Another pair of rejection emails, Skhumbuzo was getting tired of reading them. If he knew that life after varsity was going to be this hard, he would have continued to study; refining his craft and probably attain his Master’s Degree. Frustrated, he left the house in a state of sympathetic silence as his mother, father and grandfather seemed welded onto the lounge.
“Oh, my poor baby,” Nomusa cried before turning to her husband for a loving embrace. “It’s been 6 months now, and the only thing that my beautiful baby knows, is no. Why? He has a degree. He passed really well, so what is the problem? Isn’t what he studied meant to be in demand?”
“Graphic, digital what-what, I can’t keep track. Back in my day, you were either in education, construction or law enforcement. Simple, there was none of this having fancy qualifications, staying at home and not getting paid nonsense,” Bab’Madlala, his grandfather said before coughing loudly.
“Hayi wena, be nice. This is your son we’re talking about. Let him do what he wants to do, it should make you happy that he’s pursuing what makes him happy,” she slapped him gently on the arm before rubbing his chest soothingly.
Reggie cleared his throat, “Should we tell him?” He said but his question was met by looks of shock from his grandchild’s parents.
“About the cancer?” Nomusa asked.
Her father nodded.
“I don’t think it’s a good idea at the moment, for him to know that he’s father is dying, that’s not what he needs right now. The boy needs good news, not more bad news on top of bad news,” she said shaking her head slightly.
And so the conversation was never brought up again. Days and weeks passed and in them, more rejection emails from companies all across the country flooded Skhumbuzo’s email; each with the same old message. Then one day, he received an email that stated that he was shortlisted and a one of the candidates that were eligible for an interview. The words written in that email, stirred nothing but emotions of disbelief for him. His sense of relief was trumped by the happiness of his family his family at his good news after he told them.
The day of the interview arrived and he became more and more nervous as the number of eligible candidates for the position shark quickly from 25 to five. The interview process in itself had been a rigorous shakedown. Skhumbuzo had answered all the questions he was asked; whether he drank or used drugs, general questions and some specific questions pertaining to graphic design. He was told to answer them truthfully and that failure to do so would end up in him being dismissed.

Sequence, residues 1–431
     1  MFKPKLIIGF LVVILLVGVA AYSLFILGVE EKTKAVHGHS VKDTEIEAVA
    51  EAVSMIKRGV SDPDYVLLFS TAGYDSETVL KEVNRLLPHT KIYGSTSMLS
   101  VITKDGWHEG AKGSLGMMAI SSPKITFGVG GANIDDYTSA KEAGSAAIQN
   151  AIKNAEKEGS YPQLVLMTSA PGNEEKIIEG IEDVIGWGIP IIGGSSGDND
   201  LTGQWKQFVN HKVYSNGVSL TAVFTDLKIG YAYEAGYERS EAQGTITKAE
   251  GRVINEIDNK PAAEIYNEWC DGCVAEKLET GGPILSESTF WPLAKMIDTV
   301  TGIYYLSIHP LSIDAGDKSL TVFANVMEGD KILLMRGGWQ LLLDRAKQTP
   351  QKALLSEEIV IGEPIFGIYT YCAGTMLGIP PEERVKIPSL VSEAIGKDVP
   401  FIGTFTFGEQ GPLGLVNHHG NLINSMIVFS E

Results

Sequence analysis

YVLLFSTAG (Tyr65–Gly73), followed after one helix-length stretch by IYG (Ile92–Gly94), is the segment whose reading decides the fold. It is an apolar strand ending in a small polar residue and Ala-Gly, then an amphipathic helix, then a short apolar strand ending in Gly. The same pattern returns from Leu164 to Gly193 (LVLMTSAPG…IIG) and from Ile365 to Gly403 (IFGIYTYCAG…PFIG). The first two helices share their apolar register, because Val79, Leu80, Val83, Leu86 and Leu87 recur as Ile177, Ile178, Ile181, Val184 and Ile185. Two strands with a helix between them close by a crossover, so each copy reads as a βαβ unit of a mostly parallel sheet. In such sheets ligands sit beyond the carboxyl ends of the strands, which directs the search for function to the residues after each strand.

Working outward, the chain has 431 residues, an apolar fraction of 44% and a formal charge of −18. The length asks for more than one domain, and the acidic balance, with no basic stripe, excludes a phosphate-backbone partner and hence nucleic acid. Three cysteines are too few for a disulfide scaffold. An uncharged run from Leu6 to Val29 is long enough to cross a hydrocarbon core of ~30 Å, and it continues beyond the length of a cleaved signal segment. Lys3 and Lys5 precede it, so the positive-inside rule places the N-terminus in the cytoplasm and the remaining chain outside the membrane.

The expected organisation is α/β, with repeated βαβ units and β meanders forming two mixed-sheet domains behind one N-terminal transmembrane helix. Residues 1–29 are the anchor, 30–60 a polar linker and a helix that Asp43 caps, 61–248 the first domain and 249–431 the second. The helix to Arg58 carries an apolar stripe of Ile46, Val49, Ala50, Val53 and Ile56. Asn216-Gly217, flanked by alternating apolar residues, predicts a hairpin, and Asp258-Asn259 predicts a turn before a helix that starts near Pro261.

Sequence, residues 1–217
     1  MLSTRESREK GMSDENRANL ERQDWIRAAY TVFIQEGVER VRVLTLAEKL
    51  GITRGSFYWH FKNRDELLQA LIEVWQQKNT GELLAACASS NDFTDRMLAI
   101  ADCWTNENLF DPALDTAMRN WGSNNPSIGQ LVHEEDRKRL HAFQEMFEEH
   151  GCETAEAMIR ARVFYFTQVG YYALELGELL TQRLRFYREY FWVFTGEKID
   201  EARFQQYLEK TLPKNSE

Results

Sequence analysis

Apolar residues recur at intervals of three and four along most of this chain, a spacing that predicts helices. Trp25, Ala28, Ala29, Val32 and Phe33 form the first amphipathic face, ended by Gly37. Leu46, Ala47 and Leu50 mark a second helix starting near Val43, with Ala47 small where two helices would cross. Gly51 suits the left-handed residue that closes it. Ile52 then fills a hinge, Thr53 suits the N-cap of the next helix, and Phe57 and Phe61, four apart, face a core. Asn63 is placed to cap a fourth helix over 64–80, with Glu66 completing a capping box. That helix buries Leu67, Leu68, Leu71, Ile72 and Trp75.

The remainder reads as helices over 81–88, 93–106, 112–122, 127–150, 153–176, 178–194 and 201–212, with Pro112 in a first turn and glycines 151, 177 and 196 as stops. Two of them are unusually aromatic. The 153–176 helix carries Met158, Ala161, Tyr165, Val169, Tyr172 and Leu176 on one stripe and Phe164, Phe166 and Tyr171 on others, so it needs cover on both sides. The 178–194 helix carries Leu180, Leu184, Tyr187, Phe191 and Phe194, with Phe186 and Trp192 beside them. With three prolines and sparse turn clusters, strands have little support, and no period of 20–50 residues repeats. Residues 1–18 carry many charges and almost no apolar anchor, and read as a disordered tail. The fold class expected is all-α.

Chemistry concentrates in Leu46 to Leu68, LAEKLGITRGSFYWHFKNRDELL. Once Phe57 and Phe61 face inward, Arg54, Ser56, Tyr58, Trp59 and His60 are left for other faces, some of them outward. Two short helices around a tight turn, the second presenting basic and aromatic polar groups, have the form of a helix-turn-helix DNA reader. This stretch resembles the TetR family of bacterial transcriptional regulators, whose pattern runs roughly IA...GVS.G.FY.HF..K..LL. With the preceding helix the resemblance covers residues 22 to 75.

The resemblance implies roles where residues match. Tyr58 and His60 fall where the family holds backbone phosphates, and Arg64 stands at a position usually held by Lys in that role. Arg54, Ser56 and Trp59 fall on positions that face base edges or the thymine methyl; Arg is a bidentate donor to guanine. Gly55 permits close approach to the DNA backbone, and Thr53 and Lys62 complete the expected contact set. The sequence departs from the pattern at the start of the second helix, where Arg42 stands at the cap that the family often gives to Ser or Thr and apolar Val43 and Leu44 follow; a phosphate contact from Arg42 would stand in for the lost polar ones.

After the interview was concluded, Skhumbuzo, excited and cheerfully called his friend, Menzi so that he could celebrate with him. What was meant to be a braai with a few friends quickly got out of hand; someone had brought weed with them to the party and people had started smoking it.
Skhumbuzo had tried it once in school but decided that it wasn’t for him, he had told Menzi to stay away from smoking it at all times. Menzi never listened to him whenever he said something important, that night he reeked of the stuff. He convinced Skhumbuzo to try it just that one time again; he did and ended up almost coughing his lungs out. Afterwards Skhumbuzo called himself an Uber and went home because the party wasn’t about him anymore.
The next day he woke up with the worst babalaas he had ever experienced in his entire life. His head felt heavy when he sat up and his throat was sore. The next day Skhumbuzo woke up and reluctantly dragged himself to the kitchen for a glass of water. As he turned the corner to the kitchen, he was stopped by the whispering voice of his mother. He sneaked closer and hid behind the fridge in order to hear what she was saying.
“That’s what I’m saying. Skhumbuzo needs to know. He’s father needs the treatment and being stubborn won’t make him any better,” his mother said before pausing. “No, a man called yesterday saying he tried calling him but he wasn’t answering his phone and said this was the alternative number he had left in case they couldn’t reach him, they wanted me to pass on the message that he got the job,” Nomusa continued, the phone between her ear and shoulder as she made herself some tea.